(The first in a three part series catching up with past VC Unlocked participants. Find out how the program benefited them, as well as their best advice for those who are thinking of investing.)
We’re excited to announce the return of our flagship VC training program, Venture Capital Unlocked: Secrets of Silicon Valley Investing (formerly called IGSVI). 500 Startups, in partnership with the Stanford Center for Professional Development, will be once again running this popular two-week course. In this course, individuals will learn 500s investment playbook and gain firsthand access to world-famous Silicon Valley VCs, Angels, SV startups and entrepreneurs (including 500’s portfolio). This session will run from February 8-19, 2016. For more information and to apply, please visit: 500.vc/apply
In the spirit of recognizing some of our diverse participants (and hopefully encouraging more to apply), we’ve highlighted three women that have taken their careers to new heights with the applied knowledge of this program. We’re kicking off this series with Paula Schwarz.
Can you please tell us a little bit about your background?
I am half-Greek and half-German. I was working for KRW Schindler Private Ventures to raise funds in the Middle East and wanted to deepen my knowledge on investment management. Also, the combination of gathering experience at Stanford together with LPs of 500 Startups and a number of Venture Investors seemed very appealing to me. Having studied political science, my approach to venture is driven by the goal to achieve social impact. I’m thrilled to apply learnings from the VC Unlocked to my work today.
What are you working on now?
I founded a mobile incubator that develops scalable and financially self-sustainable solutions for the social challenge of mass migration. I work with teams that build prototypes for tools and support them in the further development of their concepts.
Are you using any of the concepts taught at the program in your work today?
Yes. Many of our solutions can be compared to start-ups. They have a clear roadmap, are scalable and exit driven – which means we think about who the perfect lead for the initiative could be next year. We also address the assessment of value and look at potential ways to generate revenue with a product, for example, launching an app. I was also taught to take great care in building teams that can truly identify with a project and portray its vision to a user community, team members and investors.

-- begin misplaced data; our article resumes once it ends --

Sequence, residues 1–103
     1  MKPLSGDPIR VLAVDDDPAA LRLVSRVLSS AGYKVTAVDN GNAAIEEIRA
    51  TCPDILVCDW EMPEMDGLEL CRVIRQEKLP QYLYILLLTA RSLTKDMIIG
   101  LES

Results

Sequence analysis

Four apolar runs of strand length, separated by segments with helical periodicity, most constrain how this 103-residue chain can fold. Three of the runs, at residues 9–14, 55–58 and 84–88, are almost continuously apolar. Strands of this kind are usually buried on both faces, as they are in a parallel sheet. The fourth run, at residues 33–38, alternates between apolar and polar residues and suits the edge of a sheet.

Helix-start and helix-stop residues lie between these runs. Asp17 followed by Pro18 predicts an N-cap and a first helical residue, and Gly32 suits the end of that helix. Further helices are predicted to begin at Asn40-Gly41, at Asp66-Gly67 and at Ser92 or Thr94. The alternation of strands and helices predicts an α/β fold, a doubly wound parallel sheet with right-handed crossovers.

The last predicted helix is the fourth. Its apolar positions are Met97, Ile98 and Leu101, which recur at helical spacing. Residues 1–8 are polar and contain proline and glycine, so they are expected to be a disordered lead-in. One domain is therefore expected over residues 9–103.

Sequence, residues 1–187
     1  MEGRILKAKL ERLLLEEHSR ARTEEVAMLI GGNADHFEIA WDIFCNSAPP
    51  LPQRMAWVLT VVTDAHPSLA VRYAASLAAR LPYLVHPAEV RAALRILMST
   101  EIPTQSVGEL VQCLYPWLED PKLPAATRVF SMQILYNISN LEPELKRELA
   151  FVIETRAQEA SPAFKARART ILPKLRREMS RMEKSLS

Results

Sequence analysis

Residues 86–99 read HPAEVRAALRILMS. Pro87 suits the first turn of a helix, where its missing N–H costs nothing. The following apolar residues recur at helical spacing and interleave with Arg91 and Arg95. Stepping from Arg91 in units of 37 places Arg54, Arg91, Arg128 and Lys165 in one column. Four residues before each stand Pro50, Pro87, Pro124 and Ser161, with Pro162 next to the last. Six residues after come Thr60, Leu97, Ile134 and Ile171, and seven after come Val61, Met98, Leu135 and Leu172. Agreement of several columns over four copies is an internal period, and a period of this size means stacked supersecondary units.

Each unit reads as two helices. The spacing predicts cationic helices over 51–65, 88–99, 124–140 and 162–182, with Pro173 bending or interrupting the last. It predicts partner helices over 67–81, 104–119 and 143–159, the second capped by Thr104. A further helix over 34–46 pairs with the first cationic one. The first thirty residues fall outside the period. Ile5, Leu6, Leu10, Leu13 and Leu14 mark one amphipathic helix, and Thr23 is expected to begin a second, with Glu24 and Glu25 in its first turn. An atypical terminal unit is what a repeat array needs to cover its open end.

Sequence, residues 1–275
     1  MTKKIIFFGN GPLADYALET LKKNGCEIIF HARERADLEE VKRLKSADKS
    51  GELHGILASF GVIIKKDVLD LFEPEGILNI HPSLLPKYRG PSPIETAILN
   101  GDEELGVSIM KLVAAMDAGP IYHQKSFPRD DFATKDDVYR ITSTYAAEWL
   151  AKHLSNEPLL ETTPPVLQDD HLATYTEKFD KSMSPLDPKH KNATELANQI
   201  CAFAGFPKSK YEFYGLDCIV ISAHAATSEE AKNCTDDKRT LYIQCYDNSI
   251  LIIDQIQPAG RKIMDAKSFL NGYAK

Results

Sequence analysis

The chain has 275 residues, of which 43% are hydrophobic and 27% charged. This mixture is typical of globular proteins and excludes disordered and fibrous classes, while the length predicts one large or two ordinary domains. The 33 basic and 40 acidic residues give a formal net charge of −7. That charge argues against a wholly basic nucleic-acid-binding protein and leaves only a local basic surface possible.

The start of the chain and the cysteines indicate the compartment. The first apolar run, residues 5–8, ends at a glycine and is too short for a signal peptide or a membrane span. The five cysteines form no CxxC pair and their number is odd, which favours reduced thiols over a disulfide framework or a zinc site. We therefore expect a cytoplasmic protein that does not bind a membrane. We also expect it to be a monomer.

If you had to name one key outcome of the program, what would that be?
First of all, I learned that there’s no one right way to go. We all cook with water and in the end what counts is that a venture does something that works – it’s sustainable. As a founder, you must know how to make your assets work for you, even if you don’t start off at the perfect position. If you can do that the rest usually falls into place…keep up the good spirit, take it step by step and be transparent.
What advice do you have for women who are interested in becoming investors?
Please don’t start if you want to be an investor. Start because there’s a topic you love, something you want to drive forward that is bigger than you. First of all, write down your personal investment thesis. Narrow it down to a region. Ask yourself, what is it you can give to a venture, only you and no one else? Connect the dots and figure out why you’re an asset, and not why people want your money.
As an investor your job is to empower others to do their best. It’s your job to give valuable advice and direction in times of confusion. Try to see yourself as part of the team and be of help in ways that have nothing to do with the financial investment you provide, but more with an investment of time, thought, contacts or experience. That way, you prevent others from making foreseeable mistakes and act in the interest of all parties involved.